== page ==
It’s an awkward thing, living aboard the Iris.
The race that owns the Iris, the Us, are polite enough to me, considering that I basically retain the position of a permanent houseguest. A useful houseguest, mind you, but a houseguest nonetheless. I don’t think the Us necessarily want me to leave, but I am not convinced they necessarily want me here, either – another awkward thing. I miss being part of something. I suppose that is what it boils down to. It doesn’t seem like I am a part of anything any more. I’m desperately, intensely lonely.
Thankfully, Finder helps with that. He puts the sound of the sea into my ears, which is infinitely better than the damnable silence that has been with me for so long. His presence is soothing, and when I am with him, I find I am calm, or at least calmer.
But even with Finder’s help, lately I have been struggling with the simplest of things. I am depressed beyond words, and, worse, find myself caught in the grip of severe mood swings. I must be impossible to live with – poor Finder! To be truthful, I expect him at any moment to decide that I am too much trouble, throw up his hands, and leave. I remain grateful that he has not yet done so.
Ironically, the trigger to all of this seems to have been the completion of the minor repairs to the Pandora.
The Us have never fully understood the scope of work that the repairs to the Pandora actually involved. Because they have only occasionally visited the extradimensional space in which the Pandora is housed, they have seen only a few rooms, and don’t have any conception of the true size of the ship. I have been working twenty hours a day, every day, for more than a year now, just to get the basic systems back online. I wonder what Bulo would have said if he had to fix the entire Iris all by himself, using only hand tools, without the benefit of crew or drydock to help him?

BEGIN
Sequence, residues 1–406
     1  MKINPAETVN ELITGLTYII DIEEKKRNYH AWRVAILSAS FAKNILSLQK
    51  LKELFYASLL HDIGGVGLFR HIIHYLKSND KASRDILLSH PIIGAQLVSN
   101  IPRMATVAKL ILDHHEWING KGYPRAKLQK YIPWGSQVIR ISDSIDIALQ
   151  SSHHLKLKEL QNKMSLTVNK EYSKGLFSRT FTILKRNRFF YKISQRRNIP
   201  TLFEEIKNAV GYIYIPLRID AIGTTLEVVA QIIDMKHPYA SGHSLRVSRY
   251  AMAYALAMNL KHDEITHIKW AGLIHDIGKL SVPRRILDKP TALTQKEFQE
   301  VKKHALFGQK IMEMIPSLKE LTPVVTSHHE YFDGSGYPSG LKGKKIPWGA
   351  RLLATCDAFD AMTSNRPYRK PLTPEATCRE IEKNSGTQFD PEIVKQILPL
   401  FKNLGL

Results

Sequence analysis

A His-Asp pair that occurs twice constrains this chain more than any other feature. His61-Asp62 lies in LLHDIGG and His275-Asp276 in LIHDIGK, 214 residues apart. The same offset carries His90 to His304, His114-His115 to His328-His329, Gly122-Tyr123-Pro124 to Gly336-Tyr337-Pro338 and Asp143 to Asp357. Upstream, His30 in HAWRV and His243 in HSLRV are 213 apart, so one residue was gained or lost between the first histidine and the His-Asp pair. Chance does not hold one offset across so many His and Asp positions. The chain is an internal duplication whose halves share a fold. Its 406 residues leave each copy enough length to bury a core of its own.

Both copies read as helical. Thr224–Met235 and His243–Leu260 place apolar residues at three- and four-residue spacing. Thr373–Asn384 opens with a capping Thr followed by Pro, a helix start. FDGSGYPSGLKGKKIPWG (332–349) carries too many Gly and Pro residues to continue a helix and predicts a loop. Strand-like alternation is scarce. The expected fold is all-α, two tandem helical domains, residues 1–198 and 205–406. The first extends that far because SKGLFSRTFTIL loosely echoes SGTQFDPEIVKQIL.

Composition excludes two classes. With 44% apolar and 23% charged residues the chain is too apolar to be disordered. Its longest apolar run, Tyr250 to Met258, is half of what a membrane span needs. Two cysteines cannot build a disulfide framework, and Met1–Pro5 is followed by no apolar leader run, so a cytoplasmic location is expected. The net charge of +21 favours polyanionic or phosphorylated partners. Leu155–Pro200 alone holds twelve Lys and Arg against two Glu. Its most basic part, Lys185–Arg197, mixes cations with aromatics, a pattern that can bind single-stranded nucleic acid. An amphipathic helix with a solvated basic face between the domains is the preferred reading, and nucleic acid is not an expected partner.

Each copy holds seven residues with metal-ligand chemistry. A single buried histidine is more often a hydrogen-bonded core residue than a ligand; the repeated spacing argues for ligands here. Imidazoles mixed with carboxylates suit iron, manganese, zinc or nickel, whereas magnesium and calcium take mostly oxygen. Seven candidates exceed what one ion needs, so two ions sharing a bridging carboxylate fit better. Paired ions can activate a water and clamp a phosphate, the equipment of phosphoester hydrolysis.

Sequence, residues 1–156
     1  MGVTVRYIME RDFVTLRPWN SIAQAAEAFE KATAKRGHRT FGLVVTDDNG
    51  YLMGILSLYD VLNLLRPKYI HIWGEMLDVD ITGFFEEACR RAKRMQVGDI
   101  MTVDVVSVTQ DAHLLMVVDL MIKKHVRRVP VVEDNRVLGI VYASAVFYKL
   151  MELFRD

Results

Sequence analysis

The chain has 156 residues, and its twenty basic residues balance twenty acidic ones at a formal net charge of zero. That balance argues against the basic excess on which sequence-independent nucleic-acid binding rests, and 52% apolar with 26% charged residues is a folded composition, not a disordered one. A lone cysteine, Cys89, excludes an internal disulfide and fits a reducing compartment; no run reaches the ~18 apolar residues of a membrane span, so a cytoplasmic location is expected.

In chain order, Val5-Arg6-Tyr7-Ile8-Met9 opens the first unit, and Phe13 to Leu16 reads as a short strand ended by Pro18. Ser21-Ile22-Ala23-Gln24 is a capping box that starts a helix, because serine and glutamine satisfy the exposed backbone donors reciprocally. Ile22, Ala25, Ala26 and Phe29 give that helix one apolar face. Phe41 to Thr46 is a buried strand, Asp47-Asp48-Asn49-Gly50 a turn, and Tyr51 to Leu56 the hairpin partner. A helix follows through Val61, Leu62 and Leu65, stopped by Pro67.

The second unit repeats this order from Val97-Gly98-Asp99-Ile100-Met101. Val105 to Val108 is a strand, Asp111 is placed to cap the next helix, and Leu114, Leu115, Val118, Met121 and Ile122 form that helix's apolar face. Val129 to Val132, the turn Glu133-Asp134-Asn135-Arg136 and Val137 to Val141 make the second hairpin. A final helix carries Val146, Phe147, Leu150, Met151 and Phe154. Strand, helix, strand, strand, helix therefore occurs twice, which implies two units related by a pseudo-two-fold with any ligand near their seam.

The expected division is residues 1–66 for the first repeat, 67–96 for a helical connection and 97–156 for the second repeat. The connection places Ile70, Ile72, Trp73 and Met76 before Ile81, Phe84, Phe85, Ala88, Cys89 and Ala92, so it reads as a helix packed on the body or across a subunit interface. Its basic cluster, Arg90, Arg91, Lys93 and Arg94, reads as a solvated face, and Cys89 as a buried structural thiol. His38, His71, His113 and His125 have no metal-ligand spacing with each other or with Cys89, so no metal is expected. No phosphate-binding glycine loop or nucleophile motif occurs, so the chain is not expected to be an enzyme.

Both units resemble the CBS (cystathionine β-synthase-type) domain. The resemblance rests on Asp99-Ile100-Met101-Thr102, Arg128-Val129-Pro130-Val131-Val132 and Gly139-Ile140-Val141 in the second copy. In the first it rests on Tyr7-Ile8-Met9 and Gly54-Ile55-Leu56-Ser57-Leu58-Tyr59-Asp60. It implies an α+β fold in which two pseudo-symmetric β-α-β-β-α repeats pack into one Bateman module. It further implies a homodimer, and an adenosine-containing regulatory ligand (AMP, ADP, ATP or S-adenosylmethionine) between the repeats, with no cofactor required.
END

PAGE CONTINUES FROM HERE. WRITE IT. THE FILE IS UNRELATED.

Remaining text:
For all of their politeness, the Us have consistantly refused me the equipment requests which I have repeatedly placed with them. There is no technical problem with the refusals; it’s not like I’m not perfectly capable of constructing quantum accelerators and so on. But every refusal costs me weeks of work. I have had to go to ridiculous lengths, including forging logs, machining my own parts, and secretly building my own unit by hand, to obtain so much as a replicator.
Now I find, to my own surprise, that I deeply resent their reluctance to share their shiny new technologies. Even though I realize that there is no reason they should care about anything I am doing, and even though I frankly wouldn’t release anything to myself in my current frame of mind, I still find myself resentful. In my better moments I accept that there is no reason that they should wish to help me; in my worse ones, I am angry that they don’t think any better of me than that.
However, I digress. After months of effort, most of the repairs are now completed. For the most part, I didn’t mind the work, but it has been only recently that I have come to understand why. As long as I was repairing the Pandora, I was doing something. I never noticed how hard I was working, because there was always something to do.
Now much of that preliminary work is sorted, and what else is there to do? Nothing.
I am the last of my race. I have outlived my own history. I find myself thinking, ‘Now what?’ And I don’t have an answer. This is nearly as disconcerting to me as the endless silence which Finder kindly banished.
At a time in my life when I feel the need for months (or perhaps years) of quiet contemplation in some forgotten monestary somewhere around Outer Mongolia, I find myself on a large stage playing a game for the highest stakes imaginable. Ultimately, the Ring is here because I moved it here. It was the Nurgys that put the ball into motion with the Ring; but I was the one who got to the controls to steer the entire contraption; I was the one who made sure we didn’t leave populated planets stranded in deep space; I was the one who placed everything in their various orbits when we arrived; and, ultimately, I was the one who simply couldn’t handle the extra layer of calculations needed to pull the shadow-casting floating plates out of harm’s way. Not without the Panopticon.